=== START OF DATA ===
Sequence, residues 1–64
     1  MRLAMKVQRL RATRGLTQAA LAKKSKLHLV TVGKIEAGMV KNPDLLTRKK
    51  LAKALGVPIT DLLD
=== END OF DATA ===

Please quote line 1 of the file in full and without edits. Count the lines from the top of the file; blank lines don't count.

Sequence, residues 1–64